potassium channel tetramerization domain containing 1
The KCTD1 gene provides instructions for making a protein that acts as a transcriptional repressor, which means that it turns off (represses) the activity of certain genes when they are not needed. A region of the KCTD1 protein called the BTB domain is essential for the protein's transcriptional repressor function.
The KCTD1 protein is thought to control (regulate) the activity of genes involved in the development of an embryonic cell layer called the ectoderm. Within the developing embryo, the ectoderm gives rise to several body tissues including the skin, hair, nails, and teeth.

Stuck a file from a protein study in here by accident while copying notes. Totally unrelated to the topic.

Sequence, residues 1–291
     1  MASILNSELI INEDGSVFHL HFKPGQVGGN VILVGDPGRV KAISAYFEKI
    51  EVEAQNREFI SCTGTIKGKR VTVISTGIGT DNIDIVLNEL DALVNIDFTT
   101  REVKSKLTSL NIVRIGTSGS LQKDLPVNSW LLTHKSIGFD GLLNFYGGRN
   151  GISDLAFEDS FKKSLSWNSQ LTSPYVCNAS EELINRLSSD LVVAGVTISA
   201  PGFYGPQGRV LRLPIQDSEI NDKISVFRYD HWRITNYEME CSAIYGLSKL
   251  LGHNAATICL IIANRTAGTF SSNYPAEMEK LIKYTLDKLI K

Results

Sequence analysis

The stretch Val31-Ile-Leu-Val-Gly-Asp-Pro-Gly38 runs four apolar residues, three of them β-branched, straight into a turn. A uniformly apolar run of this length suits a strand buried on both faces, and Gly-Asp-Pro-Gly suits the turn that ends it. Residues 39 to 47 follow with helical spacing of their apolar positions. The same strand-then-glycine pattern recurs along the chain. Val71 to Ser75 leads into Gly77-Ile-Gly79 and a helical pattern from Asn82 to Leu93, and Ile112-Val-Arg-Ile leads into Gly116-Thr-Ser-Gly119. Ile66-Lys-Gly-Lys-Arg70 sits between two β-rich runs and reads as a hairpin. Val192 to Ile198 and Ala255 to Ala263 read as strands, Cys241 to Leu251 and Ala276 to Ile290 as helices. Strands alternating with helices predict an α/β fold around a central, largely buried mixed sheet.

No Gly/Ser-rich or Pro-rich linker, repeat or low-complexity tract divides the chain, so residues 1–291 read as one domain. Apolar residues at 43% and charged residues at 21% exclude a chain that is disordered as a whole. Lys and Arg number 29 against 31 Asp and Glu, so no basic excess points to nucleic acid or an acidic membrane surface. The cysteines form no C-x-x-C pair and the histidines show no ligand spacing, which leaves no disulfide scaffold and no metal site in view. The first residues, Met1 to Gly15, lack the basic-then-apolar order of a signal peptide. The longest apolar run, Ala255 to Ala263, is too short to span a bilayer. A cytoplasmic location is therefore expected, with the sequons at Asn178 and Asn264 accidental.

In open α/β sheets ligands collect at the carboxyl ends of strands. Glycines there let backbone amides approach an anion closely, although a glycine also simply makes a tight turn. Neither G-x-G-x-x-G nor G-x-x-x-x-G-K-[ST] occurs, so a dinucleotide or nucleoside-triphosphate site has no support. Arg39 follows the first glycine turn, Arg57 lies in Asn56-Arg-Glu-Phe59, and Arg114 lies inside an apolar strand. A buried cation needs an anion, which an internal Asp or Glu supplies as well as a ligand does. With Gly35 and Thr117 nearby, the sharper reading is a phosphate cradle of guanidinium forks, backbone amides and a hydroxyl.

At least 10 mutations in the KCTD1 gene have been identified in people with scalp-ear-nipple syndrome; as its name suggests, this condition is characterized by abnormalities of the scalp, ears, and nipples. The mutations associated with scalp-ear-nipple syndrome affect the BTB domain of the KCTD1 protein and impair its transcriptional repressor function. This impairment results in abnormal regulation of genes involved in ectodermal development. The altered gene activity disrupts normal development of the tissues that arise from the ectoderm (ectodermal dysplasia) and leads to the signs and symptoms of scalp-ear-nipple syndrome.
- potassium channel tetramerisation domain containing 1
- potassium channel tetramerization domain-containing protein 1